Another former cultist, who simply gave his name as Temitayo, said most of them joined various cult groups because of lack of jobs. He said members of the various cult groups comprised graduates and artisans.

It was therefore not surprising that after the success of the first one with no reprisal attack, another batch followed suit on November 29, 2017. Thus on that occasion, no fewer than 120 youths renounced cultism and surrendered their arms and ammunition to the police at Oba Ajibade Agoro, the Ranodu of Imota Ikorodu, Lagos State. The ceremony was significant because those were the same group that had unleashed terror on the community.

The CP, who was still in acting capacity at that time, had also received them, adding that the success belongs to God Almighty, and also to the policing ideology of the Inspector General of Police, Ibrahim Idris, on community policing and safety partnership.

He stated that he is not only a student of the Inspector General of Police school of thought, but an ardent practitioner of the philosophy of community policing which has yielded great dividend in Imota. The CP had before his departure, directed the Area Commander Area ‘N’ ACP Garba Ahmed, to profile, document and obtain the biometrics of the erstwhile cult members for record purposes.

He had also urged the community leaders to partner the police and other security agencies to sensitise other cultists to renounce their membership and surrender their arms.

The paramount ruler of Imota, Oba Ajibade Agoro, had also urged youths in the community to renounce cultism and embrace peace, adding that without peace there cannot be development.

Measures for rehabilitation

Acknowledging the fact that an idle man is indeed the devil’s workshop, Edgal said there was need for rehabilitation for all. He said, “When I assumed duty as Commissioner of Police in Lagos, I discovered that cultism and drug abuse are the most challenging crimes.

“But the important thing is that the process whereby youths are now willingly renouncing cultism to take up vocational skills have started. The vocational job is to be instituted by the council chairman, the lawmakers and other stakeholders in Imota. We want a 24-hours economic and nightlife in Lagos.”

Addressing the repented cultists, Edgal said their voluntary renouncement would be accompanied by vocational training to enable them acquire new skills. He said, “I know you have fears and uncertainties but I can assure that there is a process. Your renunciation is the first step.

“Thereafter, the Oba will approach the local government chairman to train you in vocational skills before your reintegration into the society. There would also be opportunities for soft loans to establish your vocational trade. Ikorodu is the fastest growing part of Lagos and the world is concerned about what is happening here.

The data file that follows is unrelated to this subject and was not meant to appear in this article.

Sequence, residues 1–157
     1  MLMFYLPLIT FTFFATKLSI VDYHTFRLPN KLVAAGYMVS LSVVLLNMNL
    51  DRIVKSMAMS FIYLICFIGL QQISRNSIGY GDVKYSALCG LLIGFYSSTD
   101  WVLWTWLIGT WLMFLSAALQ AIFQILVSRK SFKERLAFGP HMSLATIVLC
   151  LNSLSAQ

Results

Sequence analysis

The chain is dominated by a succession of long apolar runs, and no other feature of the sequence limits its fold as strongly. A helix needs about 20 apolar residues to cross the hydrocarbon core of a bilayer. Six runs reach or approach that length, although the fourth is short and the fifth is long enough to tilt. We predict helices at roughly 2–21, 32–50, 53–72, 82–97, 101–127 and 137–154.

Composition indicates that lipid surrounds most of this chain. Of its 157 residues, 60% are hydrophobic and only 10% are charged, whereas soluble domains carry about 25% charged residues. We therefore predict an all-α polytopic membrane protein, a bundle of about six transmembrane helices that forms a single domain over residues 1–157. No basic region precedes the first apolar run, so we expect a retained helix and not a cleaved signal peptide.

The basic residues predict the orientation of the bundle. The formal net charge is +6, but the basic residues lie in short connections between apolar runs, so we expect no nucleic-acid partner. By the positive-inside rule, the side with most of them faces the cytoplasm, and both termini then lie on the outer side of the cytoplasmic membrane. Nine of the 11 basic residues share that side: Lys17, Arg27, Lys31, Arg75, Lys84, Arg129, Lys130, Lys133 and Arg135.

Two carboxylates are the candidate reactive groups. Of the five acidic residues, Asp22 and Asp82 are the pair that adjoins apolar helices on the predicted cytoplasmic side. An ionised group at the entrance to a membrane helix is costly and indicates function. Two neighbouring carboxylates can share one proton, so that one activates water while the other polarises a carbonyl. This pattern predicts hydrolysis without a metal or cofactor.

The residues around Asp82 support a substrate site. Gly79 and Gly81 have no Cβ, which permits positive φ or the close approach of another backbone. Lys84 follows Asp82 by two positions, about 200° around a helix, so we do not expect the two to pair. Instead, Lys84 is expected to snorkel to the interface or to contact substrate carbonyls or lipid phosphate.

“I hereby call on youths of other communities in Lagos to renounce cultism. I am also appealing to youths to shun hard drugs. If you take these drugs, you won’t have a bright future. Do not allow drug dealers to rob you of your future. Anywhere you find a drug dealer in Ikorodu, report to the police and the person would be arrested.”

Earlier, Shotobi had said criminality is alien to Ikorodu, thus why youths were being encouraged to renounce publicly. He went on to assure that their legitimate demands would be presented to the governor for action.

Also, Mr. Nurudeen Solaja, the lawmaker representing Ikorodu 2 Constituency in the Lagos State House of Assembly, said that the renouncement was a welcome development, adding that he would join hands with other stakeholders to ensure that the repented cultists were re-integrated back into the community.

He said, “We will train those cultists who willingly renounced their membership to become better individuals. Most of these cultists are artisans who don’t have an idea of how or what cultism is all about; we want to make sure that peace returns to Imota community which is my constituency.”

Also speaking, Prince Wasiu Agoro, Chairman, Imota Local Council Development Area (LCDA), said that the council would continue to sensitise the community on the need to maintain peace for development of the area.

Preaching community partnership

These giant strides won’t have been possible without Edgal’s passion for community partnership.

Ab initio, on community partnership and Edgal had said, “When I resumed as Commissioner of Police last September, I came with a strategy, which was backed up by intelligence and technology because there were problems of major crimes such as armed robbery, car snatching, mugging, drug abuse, youth restiveness and violence against women and children.

“Thus, I introduced community policing and safety partnerships. I attended over 12 town hall meetings across the state, where I met with the people and explained the need for their close involvement in security.

“Thus, it is the intention of the police to allow the people take the front burner on how their community is policed. We want the people to be more involved in how their community is policed.

“Community policing involves partnership with the people and relies heavily on intelligence gathering. We would use community policing to get information from the public and process same.”